In September 1936, news reports indicated the Cox string band would provide entertainment for the Young Republican club of Kingsport, Tennessee. Hagan Richmond, the Scott County (Virginia) District Attorney was the scheduled speaker at the weekly meting. The Cox string band included Byrd Moore on guitar; Sam Tribmle on ukelele and S. E. Cox on violin.

Sadly, this did Moore little good as he fell into poverty, lost everything he owned, suffered from chronic alcoholism, and was admitted to the Wise County poorhouse. His actual death was attributed to diabetes and he passed away as a result of or during a leg amputation at a Coeburn, Virginia hospital.

He was buried on the cemetery at the Wise County Poor Farm. Hank Edenborn, a dedicated researcher, recently obtained a copy of his death certificate which he generously shared.

Credits & Sources

  • Hillbilly-Music.com would like to express its thanks to Ivan M. Tribe, author of Mountaineer Jamboree — Country Music in West Virginia and other books that can be found on Amazon.com and numerous articles in other publications for providing us with information about this artist.
  • Dr. Reynolds Gives Talk To Barbers; June 27, 1929; Elizabethton Star; Elizabethton, TN
  • Town Topics - Local Fiddlers Win; August 17, 1931; Elizabethton Star; Elizabethton, TN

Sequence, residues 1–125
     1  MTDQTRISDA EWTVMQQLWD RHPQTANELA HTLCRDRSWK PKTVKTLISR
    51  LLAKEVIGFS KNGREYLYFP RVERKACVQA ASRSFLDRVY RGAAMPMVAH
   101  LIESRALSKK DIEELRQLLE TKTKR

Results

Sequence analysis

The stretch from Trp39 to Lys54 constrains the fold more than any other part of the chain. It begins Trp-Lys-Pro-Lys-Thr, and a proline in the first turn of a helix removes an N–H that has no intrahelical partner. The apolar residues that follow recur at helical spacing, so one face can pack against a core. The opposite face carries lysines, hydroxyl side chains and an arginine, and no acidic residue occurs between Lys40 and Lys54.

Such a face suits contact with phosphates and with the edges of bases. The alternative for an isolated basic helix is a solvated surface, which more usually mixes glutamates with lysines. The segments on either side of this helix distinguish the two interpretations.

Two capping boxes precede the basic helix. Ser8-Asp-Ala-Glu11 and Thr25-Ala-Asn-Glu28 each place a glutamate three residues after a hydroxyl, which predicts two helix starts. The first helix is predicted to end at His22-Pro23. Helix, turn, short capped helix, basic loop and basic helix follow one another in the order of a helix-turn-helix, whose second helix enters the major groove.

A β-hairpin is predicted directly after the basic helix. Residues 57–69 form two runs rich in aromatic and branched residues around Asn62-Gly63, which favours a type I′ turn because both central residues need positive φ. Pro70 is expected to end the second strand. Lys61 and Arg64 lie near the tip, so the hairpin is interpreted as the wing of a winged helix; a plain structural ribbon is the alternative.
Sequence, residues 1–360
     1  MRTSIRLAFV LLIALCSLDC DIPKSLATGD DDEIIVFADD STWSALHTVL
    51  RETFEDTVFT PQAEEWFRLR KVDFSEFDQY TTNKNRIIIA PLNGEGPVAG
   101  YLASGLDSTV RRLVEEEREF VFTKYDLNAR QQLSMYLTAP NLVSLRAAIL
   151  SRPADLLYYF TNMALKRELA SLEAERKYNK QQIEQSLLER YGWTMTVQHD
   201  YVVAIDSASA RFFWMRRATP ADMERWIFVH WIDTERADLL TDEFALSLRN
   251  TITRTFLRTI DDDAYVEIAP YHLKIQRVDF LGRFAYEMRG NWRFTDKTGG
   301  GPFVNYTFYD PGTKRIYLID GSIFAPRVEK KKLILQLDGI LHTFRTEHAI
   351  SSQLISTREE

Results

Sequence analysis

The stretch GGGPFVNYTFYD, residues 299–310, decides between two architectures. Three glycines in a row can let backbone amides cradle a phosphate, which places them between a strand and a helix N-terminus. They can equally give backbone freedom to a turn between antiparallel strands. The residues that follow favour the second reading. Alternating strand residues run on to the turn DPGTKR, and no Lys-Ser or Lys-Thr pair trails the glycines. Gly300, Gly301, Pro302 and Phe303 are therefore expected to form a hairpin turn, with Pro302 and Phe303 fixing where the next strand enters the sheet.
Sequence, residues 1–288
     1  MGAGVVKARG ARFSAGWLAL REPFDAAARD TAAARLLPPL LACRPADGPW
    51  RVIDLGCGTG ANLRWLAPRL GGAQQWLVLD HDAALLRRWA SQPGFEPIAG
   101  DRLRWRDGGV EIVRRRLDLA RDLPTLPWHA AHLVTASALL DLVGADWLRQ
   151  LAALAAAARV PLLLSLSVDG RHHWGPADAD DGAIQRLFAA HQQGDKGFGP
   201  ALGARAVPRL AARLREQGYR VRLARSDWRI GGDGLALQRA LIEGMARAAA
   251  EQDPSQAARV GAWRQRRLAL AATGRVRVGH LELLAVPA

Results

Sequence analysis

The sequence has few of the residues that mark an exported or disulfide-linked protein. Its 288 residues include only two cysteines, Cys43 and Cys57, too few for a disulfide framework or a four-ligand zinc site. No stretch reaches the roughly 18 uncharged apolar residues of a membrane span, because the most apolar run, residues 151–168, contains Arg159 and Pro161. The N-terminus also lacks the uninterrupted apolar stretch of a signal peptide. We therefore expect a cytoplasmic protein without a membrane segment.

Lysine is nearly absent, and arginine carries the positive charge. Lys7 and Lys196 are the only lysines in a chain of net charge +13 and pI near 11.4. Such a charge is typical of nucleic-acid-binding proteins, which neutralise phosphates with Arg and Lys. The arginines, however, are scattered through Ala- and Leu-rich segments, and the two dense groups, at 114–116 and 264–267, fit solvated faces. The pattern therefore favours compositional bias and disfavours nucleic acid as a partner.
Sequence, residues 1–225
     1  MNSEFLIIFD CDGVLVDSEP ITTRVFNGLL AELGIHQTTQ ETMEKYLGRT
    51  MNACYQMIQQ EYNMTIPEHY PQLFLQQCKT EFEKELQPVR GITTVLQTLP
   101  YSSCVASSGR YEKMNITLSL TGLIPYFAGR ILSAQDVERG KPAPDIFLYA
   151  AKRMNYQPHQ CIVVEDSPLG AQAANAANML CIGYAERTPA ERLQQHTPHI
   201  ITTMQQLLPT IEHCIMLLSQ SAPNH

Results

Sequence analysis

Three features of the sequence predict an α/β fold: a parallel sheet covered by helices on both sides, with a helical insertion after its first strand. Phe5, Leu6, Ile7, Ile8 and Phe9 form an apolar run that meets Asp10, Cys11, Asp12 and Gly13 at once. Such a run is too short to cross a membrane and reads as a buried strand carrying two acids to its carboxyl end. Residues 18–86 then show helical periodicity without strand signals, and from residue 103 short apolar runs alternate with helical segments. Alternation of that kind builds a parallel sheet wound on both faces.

• String Band Will Play At Meeting; September 29, 1936; Kingsport Times; Kingsport, TN

Printer Friendly Version

Recordings (78rpm/45rpm)

Rec. No. Side Song Title
  16357 A Cincinnati Rag (w/Clarence Greene)
  16357 B Pig Angle [sic] (w/Clarence Greene)
  16469 A Killin? Blues (w/Jess Johnson)
  16469 B My Trouble Blues (w/Jess Johnson)
Rec. No. Side Song Title
  15496 D A Three Men Went A-Hunting
  15496 D B Careless Love
  15536 D A Frankie Silvers
  15536 D B The Hills Of Tennessee
  15536-D A Frankie Silvers
  15536-D B The Hills Of Tennessee
Rec. No. Side Song Title
  6549 A Harvey Logan
  6549 B Hobo?s Paradise
  6586 A Bed Bugs Makin? their Last Go Round
  6586 B Mama Toot Your Whistle
  6686 A All Night Long
  6686 B Back Water Blues
  6763 A Bully of the Town
  6763 B Snatch ?em Back Blues
  6841 A Birmingham Jail (with Melvin Robinette)
  6841 B When the Snowflakes Fall Again(with Melvin Robinette)
  6884 A Last Days in Georgia
  6884 B Flop Eared Mule(with Melvin Robinette)
  6957 A Favorite Two-Step(with Melvin Robinette)
  6957 B That Old Tiger Rag(with Melvin Robinette)
  6991 A Mama Don?t Allow No Low-Down Hangin? Around(with Melvin Robinette)
  6991 B Careless Lover
  7068 A Goodbye Sweetheart(with Melvin Robinette)
  7068 B Down on the Farm (not Byrd Moore. But Asa Martin & Doc Roberts)
Rec. No. Side Song Title
  2559 A Got the Guitar Blues (as Bert Moss)
  2559 B Jake Leg Blues (as Bert Moss)

Artist Lists


Yes, Hillbilly Music. You may perhaps wonder why. You may even snicker. But trust us, soon your feet will start tappin' and before you know it, you'll be comin' back for more...Hillbilly Music.

Hillbilly-music.com ...
It's about the people, the music, the history.